But let's rewind back to 1901, Ann had lost her (second) husband of nearly a decade (actually she had lost 2 husbands in a dozen years), but she still had her wine shop to tide her over financially until the probate of the will and then the UK legal wrangling was done. In November of 1901 she transferred her Colonial Wine License to Mrs. W.H. (Sarah) Hill. Mrs. Hill rented the wine shop from Mrs. Jones and tragedy struck for Ann yet again in just a few months. History seemed to be repeating itself.
That tragedy was yet another fire at Ann's place in Glenrowan.
From the Argus of Saturday Jan. 18, 1902:
DESTRUCTIVE FIRE AT
A fire broke out early this morning in a wine-shop (the site of the Kelly's fight), at present occupied by Mrs. W. H. Hill. So rapidly did the flames spread that a piano and a few small articles of furniture only were saved, Mrs. Hill's youngest daughter and a lodger (Mr. Loslar) having a very narrow escape. The alarm brought all the residents of Glenrowan to the scene, and at one time it appeared that the adjoining residence of Mr. W. J. Curry, contractor, owned by Miss J.Twamley, would be saved, but a fresh wind suddenly set in from the north-west, and it was soon seen that nothing could save it and the residence owned and occupied by Mr. A. M'Evoy, retired railway employee. Mrs. Hill will be a serious loser by the fire, as nearly the whole of her furniture was destroyed, and none was insured. The buildings were insured for £250 in the Commercial Union Company......
NE Ensign Friday, Jan. 24, 1902 had the following bits:
GREAT FIRE AT GLENROWAN. SEVERAL PLACES CONSUMED. A most disastrous fire occurred at Glenrowan about 1 a.m. on Friday last, whereby the " Cafe Royal," the property of Mrs Smith, was destroyed. After closing the house for the night, Mrs Hill, who recently became licensee of the premises, was aroused by her daughter, ill in bed at the time, who gave the alarm of "fire!" It was then realised that a bedroom was alight and in a few minutes afterwards the entire place was in flames...... In a little over an hour, the four houses were levelled to the ground, and what was a neat row of well built buildings, now only remains a heap of blackened ruins.
Our correspondent at Glenrowan sends us the following additional particulars: The licensee (Mrs W. H. Hill) was about to retire to rest and was aroused by her daughter's cries that smoke was coming into her room. Two or three young men who were on the point of leaving for their homes did all they could to arrest the flames, but their efforts were futile, and the buildings, containing 12 rooms, were soon reduced to cinders. Mrs. Hill lost nearly all her furniture; but managed to save a new piano. She also had the misfortune to lose 10 pounds in notes and some silver.....A police investigation has been made into the origin of the fire, but no other conclusion was arrived at than that it resulted from a pure accident. Mrs Hill has obtained a permit to conduct her business on premises at the rear of the building destroyed, pending the erection of a new edifice.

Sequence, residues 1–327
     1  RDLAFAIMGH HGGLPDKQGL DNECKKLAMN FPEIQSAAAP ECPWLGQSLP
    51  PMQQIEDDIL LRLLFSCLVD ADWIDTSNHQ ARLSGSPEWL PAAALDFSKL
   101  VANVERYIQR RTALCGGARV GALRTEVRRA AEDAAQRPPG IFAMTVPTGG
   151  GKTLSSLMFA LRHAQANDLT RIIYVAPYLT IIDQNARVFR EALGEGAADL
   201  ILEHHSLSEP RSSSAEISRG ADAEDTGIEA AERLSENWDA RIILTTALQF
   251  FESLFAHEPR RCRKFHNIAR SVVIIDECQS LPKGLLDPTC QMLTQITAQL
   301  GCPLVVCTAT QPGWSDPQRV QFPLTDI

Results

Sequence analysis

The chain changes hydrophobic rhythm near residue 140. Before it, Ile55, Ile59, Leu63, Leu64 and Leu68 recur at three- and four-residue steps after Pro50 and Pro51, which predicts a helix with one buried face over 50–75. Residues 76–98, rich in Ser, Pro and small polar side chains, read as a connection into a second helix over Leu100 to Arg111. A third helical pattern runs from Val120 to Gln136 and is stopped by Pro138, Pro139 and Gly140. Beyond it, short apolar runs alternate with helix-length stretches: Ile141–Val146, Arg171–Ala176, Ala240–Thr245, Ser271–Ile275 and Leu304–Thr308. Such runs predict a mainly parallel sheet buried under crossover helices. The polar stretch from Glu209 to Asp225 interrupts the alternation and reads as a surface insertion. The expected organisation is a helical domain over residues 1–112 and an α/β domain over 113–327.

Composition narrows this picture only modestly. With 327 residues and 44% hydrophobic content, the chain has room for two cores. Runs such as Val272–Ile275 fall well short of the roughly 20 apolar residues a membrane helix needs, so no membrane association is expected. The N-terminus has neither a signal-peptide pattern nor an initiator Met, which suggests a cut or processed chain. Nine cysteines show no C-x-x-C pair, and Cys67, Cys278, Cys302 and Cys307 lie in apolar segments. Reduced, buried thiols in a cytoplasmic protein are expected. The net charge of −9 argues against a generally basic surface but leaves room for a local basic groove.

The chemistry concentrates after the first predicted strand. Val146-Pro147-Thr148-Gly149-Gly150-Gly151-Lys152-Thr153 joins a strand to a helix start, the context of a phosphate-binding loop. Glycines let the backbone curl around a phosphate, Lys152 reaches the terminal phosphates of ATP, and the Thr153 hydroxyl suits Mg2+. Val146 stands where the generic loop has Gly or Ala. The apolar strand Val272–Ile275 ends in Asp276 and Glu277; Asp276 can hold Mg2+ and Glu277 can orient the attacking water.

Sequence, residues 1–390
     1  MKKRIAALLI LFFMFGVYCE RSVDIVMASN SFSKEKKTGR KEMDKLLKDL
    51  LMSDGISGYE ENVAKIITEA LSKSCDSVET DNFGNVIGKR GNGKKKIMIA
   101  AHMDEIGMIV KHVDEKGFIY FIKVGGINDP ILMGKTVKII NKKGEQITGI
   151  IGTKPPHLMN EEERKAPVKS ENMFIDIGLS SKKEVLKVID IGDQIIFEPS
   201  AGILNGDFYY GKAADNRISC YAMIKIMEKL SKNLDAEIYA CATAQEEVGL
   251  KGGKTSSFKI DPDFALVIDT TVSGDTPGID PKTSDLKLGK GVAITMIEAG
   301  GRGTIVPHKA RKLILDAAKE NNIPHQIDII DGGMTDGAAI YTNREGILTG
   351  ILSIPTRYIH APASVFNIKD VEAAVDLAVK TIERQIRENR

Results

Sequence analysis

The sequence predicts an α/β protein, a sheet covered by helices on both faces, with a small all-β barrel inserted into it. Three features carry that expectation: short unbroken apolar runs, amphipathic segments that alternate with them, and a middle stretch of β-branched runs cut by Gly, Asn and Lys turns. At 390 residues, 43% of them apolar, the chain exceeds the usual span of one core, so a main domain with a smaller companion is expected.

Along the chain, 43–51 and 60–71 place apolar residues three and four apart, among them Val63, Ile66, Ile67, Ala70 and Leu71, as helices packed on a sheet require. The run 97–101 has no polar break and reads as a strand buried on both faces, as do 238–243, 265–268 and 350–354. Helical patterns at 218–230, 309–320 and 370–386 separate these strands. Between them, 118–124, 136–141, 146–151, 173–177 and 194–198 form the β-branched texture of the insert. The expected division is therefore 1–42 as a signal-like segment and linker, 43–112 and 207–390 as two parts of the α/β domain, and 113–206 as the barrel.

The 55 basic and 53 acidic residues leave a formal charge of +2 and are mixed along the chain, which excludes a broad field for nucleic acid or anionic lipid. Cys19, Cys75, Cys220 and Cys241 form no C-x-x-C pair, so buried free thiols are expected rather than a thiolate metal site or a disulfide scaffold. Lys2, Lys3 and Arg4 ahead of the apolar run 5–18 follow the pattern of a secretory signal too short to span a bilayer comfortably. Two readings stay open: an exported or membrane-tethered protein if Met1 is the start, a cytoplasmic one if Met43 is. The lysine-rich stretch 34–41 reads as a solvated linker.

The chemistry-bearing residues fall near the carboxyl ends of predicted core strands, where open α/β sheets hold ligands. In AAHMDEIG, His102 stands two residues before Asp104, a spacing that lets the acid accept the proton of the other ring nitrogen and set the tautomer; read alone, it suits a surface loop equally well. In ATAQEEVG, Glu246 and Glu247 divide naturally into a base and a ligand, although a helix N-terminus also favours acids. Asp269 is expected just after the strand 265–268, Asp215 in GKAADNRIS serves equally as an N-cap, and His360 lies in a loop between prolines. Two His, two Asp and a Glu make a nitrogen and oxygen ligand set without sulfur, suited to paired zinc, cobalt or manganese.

|The second inn that burned down in 1902.||From Cookson's The Kelly Gang From Within.|
|This is a photo of the third inn that was built sometime after the burning of the second one. From Cookson.|
On January 31, 1902 someone wrote a letter to the editor of the North Eastern Ensign appealing for help for Mrs. Smith:
"To the editor, sir, I desire to make an appeal to the public through your paper for Mrs. A. Smith, whose premises were burnt recently, everything being totally destroyed. There was an insurance on the property, but there was a mortgage also. Mrs. Smith has no means left her sole income being the rent of the property consumed. She has been struggling for the last 20 years - ever since her house - on the same site, was burnt during the taking of the Kellys. I shall therefore be pleased if you will publish this and accept contributions. Yours, etc. W. Acock"
Remember that Ann had not yet received any funds from her late husband's estate at this time.
The inn was rebuilt yet again, this time in brick.
Mrs. Jones ended up her days in a three room cottage attended to by a housekeeper.
B.W. Cookson interviewed Ann Jones in 1910 (but it was not published until the following year) and noted that the cottage was "scarcely a stone's throw away was the site of the old inn where the unfortunate woman had seen her boy slain, and where her own life had been wrecked." It is a hard interview to read, as Ann was often bitter, tearful and raging about what happened when the visit from the Kellys in 1880 changed her life forever.
Ann died on October 7, 1910 (aged between 77 and 80, depending on what is her correct year of birth) and was buried in the Wangaratta Cemetery.